…a lawyer fell in love with the liturgy.
That lawyer would be me. I’m Mike Daisley. I’m a life-long Episcopalian and I live in Charlotte, North Carolina with my wife and son and the best dog on the planet. I practice law in the areas of civil litigation and alternative dispute resolution.
Let me confess up front. I’m an Anglophile. I love the English language. I love its sounds, its cadences, the way each of its half million or so words have their own unique nuanced and contextual meaning. (I say this with some sadness because, with the exception of three semesters of Latin at Davidson College, it’s the only language I know.)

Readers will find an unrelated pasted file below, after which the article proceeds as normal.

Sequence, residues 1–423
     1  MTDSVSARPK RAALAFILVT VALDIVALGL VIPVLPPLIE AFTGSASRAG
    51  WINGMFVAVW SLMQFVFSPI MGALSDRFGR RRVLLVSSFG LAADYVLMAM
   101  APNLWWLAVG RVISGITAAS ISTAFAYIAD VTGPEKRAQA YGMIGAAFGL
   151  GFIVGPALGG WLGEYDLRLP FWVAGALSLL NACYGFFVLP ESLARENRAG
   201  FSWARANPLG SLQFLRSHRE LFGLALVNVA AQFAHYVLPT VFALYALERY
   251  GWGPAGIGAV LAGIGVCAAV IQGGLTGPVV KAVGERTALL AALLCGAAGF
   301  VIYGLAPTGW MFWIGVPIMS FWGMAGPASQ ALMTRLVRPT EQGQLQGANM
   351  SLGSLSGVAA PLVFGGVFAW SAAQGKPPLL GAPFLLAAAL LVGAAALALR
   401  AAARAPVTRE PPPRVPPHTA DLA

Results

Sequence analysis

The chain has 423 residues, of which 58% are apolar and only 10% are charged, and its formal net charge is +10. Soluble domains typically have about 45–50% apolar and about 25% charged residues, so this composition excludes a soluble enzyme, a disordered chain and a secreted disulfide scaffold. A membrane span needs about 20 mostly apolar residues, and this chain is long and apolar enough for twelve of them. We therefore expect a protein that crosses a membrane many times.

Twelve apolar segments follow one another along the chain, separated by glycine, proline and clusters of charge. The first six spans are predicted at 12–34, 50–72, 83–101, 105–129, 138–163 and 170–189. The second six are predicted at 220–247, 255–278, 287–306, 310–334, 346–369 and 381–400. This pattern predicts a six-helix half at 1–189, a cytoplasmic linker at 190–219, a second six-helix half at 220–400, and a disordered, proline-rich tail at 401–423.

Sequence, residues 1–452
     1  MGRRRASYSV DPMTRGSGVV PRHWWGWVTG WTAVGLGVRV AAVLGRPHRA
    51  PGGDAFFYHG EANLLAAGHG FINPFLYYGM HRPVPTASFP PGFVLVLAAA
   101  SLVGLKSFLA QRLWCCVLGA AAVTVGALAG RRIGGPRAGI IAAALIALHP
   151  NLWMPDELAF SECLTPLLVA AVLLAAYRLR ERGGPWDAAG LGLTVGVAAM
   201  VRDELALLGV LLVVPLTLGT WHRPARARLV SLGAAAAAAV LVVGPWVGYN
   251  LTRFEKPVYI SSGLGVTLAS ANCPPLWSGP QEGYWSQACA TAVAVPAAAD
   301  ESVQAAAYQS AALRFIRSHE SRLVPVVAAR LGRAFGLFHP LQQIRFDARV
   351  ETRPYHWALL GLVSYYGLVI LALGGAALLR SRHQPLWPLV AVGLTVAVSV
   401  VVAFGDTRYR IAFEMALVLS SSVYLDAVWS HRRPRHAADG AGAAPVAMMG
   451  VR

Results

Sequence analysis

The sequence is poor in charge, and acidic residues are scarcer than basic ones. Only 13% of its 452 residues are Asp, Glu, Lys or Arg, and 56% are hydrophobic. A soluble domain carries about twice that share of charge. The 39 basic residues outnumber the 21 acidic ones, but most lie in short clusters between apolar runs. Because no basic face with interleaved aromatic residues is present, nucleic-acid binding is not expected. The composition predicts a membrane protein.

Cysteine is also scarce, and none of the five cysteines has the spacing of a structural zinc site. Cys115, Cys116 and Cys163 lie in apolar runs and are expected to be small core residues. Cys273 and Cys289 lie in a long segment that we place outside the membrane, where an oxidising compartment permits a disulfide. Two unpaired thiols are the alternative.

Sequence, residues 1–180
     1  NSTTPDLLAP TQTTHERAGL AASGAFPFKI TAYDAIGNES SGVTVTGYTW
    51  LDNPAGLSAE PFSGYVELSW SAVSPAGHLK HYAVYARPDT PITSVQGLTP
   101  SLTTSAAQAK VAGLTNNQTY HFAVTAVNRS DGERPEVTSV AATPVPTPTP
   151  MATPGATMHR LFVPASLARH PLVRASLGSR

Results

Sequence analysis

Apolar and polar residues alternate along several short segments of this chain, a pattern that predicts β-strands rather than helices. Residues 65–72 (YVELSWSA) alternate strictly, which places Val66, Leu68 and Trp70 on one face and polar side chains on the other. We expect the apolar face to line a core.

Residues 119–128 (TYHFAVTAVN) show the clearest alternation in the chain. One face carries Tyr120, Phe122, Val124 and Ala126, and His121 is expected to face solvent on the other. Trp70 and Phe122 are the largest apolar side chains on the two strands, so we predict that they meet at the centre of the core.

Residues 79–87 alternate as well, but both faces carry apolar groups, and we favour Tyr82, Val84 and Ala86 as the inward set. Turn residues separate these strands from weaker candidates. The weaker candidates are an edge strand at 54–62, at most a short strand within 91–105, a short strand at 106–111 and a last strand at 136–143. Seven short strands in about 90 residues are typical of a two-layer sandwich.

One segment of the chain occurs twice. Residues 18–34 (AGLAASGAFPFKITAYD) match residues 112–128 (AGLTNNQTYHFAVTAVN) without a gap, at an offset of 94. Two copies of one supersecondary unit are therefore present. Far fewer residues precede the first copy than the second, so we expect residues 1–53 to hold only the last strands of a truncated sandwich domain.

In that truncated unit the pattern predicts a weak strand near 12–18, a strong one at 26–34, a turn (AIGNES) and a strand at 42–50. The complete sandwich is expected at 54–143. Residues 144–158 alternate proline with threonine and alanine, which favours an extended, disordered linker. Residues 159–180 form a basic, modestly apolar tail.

There are other languages that linger lovingly on the ear. Russian and Haitian Kreyol come to mind. (I’d add French to that list, but most folks I know who speak French are pretty stuck up about it, so why give them extra ammunition?) Even so, I believe Robert Heinlein was right when he wrote about English, “Its very variety, subtlety, and utterly irrational, idiomatic complexity makes it possible to say things…which simply cannot be said in any other language.”
I’m not sure of all that, but this much I know. The stunningly beautiful liturgical language contained in the Book of Common Prayer has often just stopped me in my tracks, and has dropped me — quite literally — to my knees.
So this blog is about the liturgy, the Episcopal liturgy to be more exact, and my lifelong adventure with it. If you’d like to add tales of your adventures, I’d be honored to have your stories.